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Curr Microbiol. 2003 Sep;47(3):208-13.

Effect of glutamate synthase (GOGAT) activity on Bacillus subtilis spore properties.

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Facultad de Ciencias Exactas y Naturales, Departamento de Quimica Biologica, Ciudad Universitaria, Pabellon II Piso 4, (1428) Buenos Aires, Argentina.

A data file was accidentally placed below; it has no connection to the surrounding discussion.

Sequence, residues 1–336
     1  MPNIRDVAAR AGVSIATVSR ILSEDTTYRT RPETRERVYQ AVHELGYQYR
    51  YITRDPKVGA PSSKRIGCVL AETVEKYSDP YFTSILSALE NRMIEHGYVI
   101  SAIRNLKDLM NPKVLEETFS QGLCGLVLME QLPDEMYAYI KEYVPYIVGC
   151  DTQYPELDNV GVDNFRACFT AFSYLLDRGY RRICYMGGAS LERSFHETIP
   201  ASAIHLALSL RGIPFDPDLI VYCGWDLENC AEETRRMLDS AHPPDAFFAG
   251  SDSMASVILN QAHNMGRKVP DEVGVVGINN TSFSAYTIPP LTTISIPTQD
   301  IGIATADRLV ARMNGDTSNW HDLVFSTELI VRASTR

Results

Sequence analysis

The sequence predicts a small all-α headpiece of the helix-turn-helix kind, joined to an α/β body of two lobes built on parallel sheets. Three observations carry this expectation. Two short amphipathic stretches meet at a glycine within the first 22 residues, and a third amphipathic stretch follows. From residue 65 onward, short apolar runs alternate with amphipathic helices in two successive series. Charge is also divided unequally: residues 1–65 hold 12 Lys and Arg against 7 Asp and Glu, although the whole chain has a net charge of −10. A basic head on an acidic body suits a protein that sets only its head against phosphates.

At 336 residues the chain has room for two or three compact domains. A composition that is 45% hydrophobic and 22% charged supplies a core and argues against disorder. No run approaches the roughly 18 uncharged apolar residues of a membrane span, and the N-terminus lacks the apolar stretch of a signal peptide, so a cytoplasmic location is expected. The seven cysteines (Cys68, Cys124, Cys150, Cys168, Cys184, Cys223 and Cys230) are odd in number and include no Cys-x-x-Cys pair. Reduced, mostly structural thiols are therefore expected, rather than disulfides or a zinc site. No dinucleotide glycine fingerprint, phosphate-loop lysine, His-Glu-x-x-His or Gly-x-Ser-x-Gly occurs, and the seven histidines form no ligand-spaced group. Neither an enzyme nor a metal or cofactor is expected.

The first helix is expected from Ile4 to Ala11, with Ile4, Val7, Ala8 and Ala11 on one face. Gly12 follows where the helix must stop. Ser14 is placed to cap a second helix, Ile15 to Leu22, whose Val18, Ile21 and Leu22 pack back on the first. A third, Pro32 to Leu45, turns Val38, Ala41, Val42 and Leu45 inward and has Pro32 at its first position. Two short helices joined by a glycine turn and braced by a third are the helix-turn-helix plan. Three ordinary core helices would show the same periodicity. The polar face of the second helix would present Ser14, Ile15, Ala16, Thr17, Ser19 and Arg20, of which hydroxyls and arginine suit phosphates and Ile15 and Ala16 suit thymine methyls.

The role of glutamate as osmoprotector was investigated through the study of a mutation in its biosynthetic pathway. A glt::Tn917-lacZ-cat insertion mutant (N1) conferring glutamate auxotrophy and enhanced beta-galactosidase expression on high-salt media was selected. Co-transformation experiments and PCR analysis allowed locating the insertion into the gltB gene corresponding to the small unit of the glutamate synthase (GOGAT). The N1 mutant strain presented a glutamate requirement for growth and a tenfold decrease in GOGAT activity. Transcriptional activity of GOGAT, measured as beta-galactosidase from the transposon fusion, correlated with enzymatic activity; expression was enhanced at the stationary phase and in high-ionic-strength media. However, osmotolerance of cultures of N1 mutant were as wild-type (wt), at least in semi-rich medium. In contrast, sporulation was slightly reduced (75% of wt), and spores were less resistant to UV, heat, and osmolarity, properties linked to the content of small, acid-soluble proteins (SASP). The content of these proteins was, in fact, reduced, in particular the SASP-gamma type. The peptidoglycan-cortex, however, was not impaired since spores maintained lysozyme resistance. Addition of glutamate during sporulation partially rescued spore resistance, but germination and outgrowth remained impaired. Deficiencies in germination and outgrowth were also observed with spores from a gltA mutant strain. Taken together, these results pointed to the importance of GOGAT activity during sporulation, in particular for the synthesis SASPs.

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